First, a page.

Sources of the Christian Self

A Cultural History of Christian Identity

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Editor(s): 
James M. Houston, Jens Zimmermann
  • Grand Rapids, MI: 
    Wm. B. Eerdmans Publishing Co.
    , May
     2018.
     696 pages.
     $55.00.
     Hardcover.
    ISBN
    9780802876270.
     For other formats: Link to Publisher's Website.

Review

“What does it mean to identify oneself as Christian?” (xv) is the question answered by a selection of essays that focus on specific individuals and some groups over a four-thousand-year period, starting with Abraham and concluding with the shared Christian communities of Africa. The editors state that the first use of the word Christian is found in the book of Acts (11:26), referring to those who simply and wholly identified with Jesus (xv), responding to it as a calling (xvi). They indicate that to be a Christian is both a deeply personal as well as a global matter, affecting one’s own life as well as those of others (xvi). They specify that the theoretical framework used is Charles Taylor’s Sources of the Self: The Making of Modern Identity (Harvard University Press, 1989), which showed “the importance of identity for shaping the horizons of meaning in our modern age” as well as indicating “the significance of religion for modern ideals of selfhood” (xvii). Other aspects they highlight are the crucial aspect of identity formation, namely metanoia, described as “experiencing a radical and countercultural paradigm shift of identity—as the subject discovers what it means to be in ‘Christ’” (xviii), the link between the past and present, and the various authors’ theoretical assumptions based on postmodern paradigms of knowing (xix).

Part 1 considers Christian identity (CI) in the Hebrew Bible. Through Abraham, Moses, David, and Jeremiah, the construct of CI is described as trusting in God, responding in faith to the call, praying, repenting, identifying with the Other (both the oppressed and suffering), and having intimacy with God.

Part 2 considers CI in the New Testament. Peter, James, Jude, and Paul together represent CI as the transformation from sinner to disciple, the role of Scripture in the process of transformation, the grace of God, the will of God, and “being in Christ” (100), meaning that  a Christ-follower has grace, justification, reconciliation, forgiveness, eternal life, and the blessing of Abraham through Christ.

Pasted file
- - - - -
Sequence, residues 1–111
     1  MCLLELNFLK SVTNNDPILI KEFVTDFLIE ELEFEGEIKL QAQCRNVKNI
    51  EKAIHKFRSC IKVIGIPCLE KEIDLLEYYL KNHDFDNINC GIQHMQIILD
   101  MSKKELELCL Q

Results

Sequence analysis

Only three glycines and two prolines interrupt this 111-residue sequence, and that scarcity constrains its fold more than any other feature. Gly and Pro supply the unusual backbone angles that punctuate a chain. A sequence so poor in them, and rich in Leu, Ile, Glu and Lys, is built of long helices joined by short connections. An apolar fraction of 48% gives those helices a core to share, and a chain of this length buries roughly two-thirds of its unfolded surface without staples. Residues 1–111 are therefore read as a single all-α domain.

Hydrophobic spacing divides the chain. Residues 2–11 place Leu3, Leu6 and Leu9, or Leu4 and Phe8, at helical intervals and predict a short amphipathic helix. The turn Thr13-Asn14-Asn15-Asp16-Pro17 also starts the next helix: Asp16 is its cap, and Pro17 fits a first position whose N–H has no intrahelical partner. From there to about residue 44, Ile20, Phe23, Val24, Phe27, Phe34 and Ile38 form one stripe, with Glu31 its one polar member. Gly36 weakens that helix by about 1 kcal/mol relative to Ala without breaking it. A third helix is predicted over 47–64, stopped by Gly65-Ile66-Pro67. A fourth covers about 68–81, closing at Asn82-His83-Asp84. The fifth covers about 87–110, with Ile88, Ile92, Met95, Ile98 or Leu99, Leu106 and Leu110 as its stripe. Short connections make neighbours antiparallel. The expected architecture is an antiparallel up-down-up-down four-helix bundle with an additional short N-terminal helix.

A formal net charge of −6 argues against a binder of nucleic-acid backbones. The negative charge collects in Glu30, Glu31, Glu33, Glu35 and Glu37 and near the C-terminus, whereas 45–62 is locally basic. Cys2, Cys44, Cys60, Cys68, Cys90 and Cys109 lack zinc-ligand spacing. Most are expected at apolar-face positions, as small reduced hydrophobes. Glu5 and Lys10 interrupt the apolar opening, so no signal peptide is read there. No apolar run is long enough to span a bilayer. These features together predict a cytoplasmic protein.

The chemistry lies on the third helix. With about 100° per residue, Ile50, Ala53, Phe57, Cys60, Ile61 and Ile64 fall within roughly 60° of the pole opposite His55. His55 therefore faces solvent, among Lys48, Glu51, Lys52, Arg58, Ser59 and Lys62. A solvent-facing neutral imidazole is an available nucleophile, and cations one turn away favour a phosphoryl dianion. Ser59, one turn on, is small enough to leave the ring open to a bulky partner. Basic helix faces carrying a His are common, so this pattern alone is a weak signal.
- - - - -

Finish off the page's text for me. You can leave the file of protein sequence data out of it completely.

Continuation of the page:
Part 3 considers CI in the early church and includes discussion of Justin Martyr, Origen, Gregory of Nyssa, Ambrose, John Chrysostom, Augustine, Gregory the Great, the unnamed captives in late antiquity, and Timothy I of Baghdad. Together these figures represent CI as belonging to and gazing upon Christ, godly behavior, the Christocentric reinterpretation of the Hebrew scriptures, serving and dying for Christ, reintegrating the body and soul, awareness of the weaknesses of self, positive external influences upon CI formation, living as “free captives” (246), drawing others to Christ, praying, and remaining steadfast during societal changes.

Part 4 considers CI in the Middle Ages. Anselm, Bernard of Clairvaux, Dominic of Caleruega, Jordan of Saxony, Aquinas, Julian of Norwich, and Dante represent CI as an integration of intellectual rigor, interpersonal connectedness, and passionate spirituality, concern for others, prayer, caritas (love or charity, love in action), compassion, humility, poverty, an inclusive view of the love of God for all humanity, and loving God, neighbor, and self.